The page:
Episode Five and they are all reunited with the Doctor, who has the job of defending Ian for killing a guard and stealing the final key of Marinus in the city of Mellenius or something. This episode and the last feature judges in wonderful hats, and poses the question - how would justive work if people were presumed guilty before being proved innocent? Something in that for everyone I thinks!
Interesting telephones and a jealous and evil wife are not enough to stop the Doctor and co, and episode six sees them return to where they started.

However, now the diving instructors, called Voords, have control of the machine. Ian is a smart cookie and switches a fake key for the real last key though. The Doctor and Co. escape just as the machine blows up, killing the Voords. And I ask, Ian is the hero? So what do they need a Time Lord for?

It's an okay story with good and bad points. Can't wait to see what they get up to next!
The Professor, signing off with a 5/10.

Monday, 18 February 2013

Marco Polo



Well, finally of that TARDIS goes the Doctor and he’s back on Earth. It seems these episodes were engulfed by the time vortex! They don’t exist anymore as moving pictures! The time vortex is a cruel beast that ways, some of my earliest adventures such as ‘The Man-Eater’ and ‘Nature Walk’ have disappeared into time and space never to be seen again. Very sad indeed.

However, this has some sort of reconstruction I saw on the DVD that I bought in the future on ebay for a fraction of the actual cost of today as I blog. In fact I got the whole series. And with a series of blurry photos and some of the surviving soundtrack I could follow this story, apparently 7 parts but on DVD only 31 minutes!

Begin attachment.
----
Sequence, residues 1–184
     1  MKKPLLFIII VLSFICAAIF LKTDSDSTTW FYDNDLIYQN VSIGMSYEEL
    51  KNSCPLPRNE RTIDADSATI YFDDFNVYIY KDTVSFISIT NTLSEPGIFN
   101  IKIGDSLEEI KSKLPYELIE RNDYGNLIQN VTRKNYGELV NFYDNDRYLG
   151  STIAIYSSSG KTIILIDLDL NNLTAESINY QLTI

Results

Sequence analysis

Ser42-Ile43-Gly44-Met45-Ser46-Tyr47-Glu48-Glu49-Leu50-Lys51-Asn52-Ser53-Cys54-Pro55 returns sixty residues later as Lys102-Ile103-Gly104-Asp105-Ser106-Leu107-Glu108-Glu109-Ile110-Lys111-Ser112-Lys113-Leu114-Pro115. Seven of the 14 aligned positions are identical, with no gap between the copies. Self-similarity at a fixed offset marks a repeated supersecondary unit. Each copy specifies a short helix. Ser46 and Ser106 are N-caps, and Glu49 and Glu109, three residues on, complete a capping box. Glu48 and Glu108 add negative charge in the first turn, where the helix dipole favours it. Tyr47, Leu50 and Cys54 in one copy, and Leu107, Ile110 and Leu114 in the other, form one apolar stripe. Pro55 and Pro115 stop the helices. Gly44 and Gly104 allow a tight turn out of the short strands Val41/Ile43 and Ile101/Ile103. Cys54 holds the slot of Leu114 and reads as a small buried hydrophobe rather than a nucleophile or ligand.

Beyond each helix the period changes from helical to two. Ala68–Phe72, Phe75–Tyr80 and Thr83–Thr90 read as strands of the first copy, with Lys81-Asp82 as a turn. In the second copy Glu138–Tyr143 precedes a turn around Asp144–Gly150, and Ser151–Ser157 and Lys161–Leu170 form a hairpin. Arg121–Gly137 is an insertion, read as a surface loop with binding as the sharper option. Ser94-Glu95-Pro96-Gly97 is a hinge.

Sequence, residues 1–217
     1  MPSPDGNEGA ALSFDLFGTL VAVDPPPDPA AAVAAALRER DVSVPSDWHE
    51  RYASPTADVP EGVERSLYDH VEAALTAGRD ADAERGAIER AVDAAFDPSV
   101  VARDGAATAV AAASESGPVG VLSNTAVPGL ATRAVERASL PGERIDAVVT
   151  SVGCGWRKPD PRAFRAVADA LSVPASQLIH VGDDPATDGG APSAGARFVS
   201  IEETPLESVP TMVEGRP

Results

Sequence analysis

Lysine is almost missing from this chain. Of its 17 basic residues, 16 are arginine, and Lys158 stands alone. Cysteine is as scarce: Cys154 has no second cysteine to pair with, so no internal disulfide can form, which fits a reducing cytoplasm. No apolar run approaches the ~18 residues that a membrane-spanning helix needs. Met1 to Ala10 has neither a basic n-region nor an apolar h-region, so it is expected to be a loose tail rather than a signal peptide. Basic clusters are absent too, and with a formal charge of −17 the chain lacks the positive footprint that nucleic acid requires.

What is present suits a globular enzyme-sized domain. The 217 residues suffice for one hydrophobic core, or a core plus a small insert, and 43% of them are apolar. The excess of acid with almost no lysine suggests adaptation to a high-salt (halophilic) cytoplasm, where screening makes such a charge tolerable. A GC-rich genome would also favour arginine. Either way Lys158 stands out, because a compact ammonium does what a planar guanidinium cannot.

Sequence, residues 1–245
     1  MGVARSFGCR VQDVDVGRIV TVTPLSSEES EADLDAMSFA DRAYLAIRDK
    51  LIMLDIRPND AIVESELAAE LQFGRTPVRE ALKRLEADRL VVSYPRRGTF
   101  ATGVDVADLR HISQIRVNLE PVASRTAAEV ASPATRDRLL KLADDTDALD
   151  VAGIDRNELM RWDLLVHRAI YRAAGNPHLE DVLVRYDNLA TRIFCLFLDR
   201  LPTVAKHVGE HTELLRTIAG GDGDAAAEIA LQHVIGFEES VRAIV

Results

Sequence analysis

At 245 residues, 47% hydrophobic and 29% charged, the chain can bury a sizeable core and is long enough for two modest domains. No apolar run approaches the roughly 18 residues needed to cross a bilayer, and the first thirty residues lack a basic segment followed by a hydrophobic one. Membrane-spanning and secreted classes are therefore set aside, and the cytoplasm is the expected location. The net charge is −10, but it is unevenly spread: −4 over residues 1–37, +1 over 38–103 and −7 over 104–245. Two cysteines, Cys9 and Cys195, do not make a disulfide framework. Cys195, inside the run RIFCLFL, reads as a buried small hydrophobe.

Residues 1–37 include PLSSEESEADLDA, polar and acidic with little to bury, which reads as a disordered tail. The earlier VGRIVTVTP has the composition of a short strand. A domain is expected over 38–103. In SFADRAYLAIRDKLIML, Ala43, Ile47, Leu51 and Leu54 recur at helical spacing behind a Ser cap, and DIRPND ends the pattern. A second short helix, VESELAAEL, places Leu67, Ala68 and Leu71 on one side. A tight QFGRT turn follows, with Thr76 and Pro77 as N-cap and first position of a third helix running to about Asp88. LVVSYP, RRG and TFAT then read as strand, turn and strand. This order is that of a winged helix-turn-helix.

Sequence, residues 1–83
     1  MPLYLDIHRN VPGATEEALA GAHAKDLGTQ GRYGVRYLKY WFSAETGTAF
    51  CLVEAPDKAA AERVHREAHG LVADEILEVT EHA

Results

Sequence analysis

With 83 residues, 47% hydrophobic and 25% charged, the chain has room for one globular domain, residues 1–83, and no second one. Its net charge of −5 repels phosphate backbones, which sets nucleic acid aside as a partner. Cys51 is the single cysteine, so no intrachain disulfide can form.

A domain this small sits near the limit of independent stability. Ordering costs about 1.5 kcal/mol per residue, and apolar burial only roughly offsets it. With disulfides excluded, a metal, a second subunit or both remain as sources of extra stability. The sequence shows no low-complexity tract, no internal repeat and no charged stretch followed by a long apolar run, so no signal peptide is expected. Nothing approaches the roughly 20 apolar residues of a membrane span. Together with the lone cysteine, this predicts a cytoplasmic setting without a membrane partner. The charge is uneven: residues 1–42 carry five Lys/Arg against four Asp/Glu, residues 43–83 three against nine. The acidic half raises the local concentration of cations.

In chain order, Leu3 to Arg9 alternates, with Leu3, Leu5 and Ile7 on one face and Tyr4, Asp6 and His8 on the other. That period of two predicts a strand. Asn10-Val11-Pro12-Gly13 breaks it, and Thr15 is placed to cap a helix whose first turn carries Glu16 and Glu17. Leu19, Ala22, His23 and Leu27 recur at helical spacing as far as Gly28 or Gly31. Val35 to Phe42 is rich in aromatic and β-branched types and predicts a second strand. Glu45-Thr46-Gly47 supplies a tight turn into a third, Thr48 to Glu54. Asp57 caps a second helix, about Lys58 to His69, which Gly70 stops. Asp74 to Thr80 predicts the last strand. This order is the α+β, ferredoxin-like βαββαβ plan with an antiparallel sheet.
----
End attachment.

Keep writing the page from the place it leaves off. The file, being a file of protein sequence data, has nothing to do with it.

That’s a mercy! So the Doctor and his crew have an issue with the TARDIS getting to cold. How bizarre. Wouldn’t happen if they took better care of it! They meet Marco Polo, a famous traveller from Venice who’s going along the silk road to China, called Cathay back in the time. I went to China once where I met the evil Nhim Sie Hou, but it turned out this Tegana fellow was even shiftier!

They also travelled with Ping Cho, a lady to be married to a man of 70 she had never met. Susan wasn’t so rapt at that thought. She told her what’s for and Ping Cho realised she didn’t really want to marry the chap.

Meanwhile, Marco Polo wants to give the TARDIS to Genghis Khan in the hope he will be allowed home. But Tegana wants war. They travel a heck of a long way in this one, thousands of miles, and never leave the studio. Impressive stuff! All they really want is the TARDIS back so they can bugger off, but every time they get close something goes awry!

For seven parts based on such a thin premise, the story holds up extraordinarily well. The actors, especially the supporting cast do a great job, and there appears to be less of Susan’s whining, crying and screaming. Why the Doctor doesn’t just drop her off somewhere and not come I don’t know. A very clever idea for a story, and well paced over seven episodes (in fact I went to this youtube place where I saw a full, colourised version!). Nicely done.




Friday, 15 February 2013

The Edge of Destruction

Hello what do we have here? A good look at the Doctor's TARDIS.

Well, I was quite jealous, it looks pretty spiffing although who knows how accurate the 1960s BBC design department were. I'm not sure about the photocopied walls but I liked the beds and that handy food dispenser. Oh have we seen that before? Well yes but nevertheless. I expect to see that fault locator featuring prominently all through the 70000 episodes I am yet to see.

As for the story, it was quite strange wasn't it? Everyone goes weird. Susan grabs some scissors and attacks her bed. Good thing it was down feathers. But true to form she is soon whining screaming and crying again in episode two. It seems that does not get toned down. But hey, only at story three, right?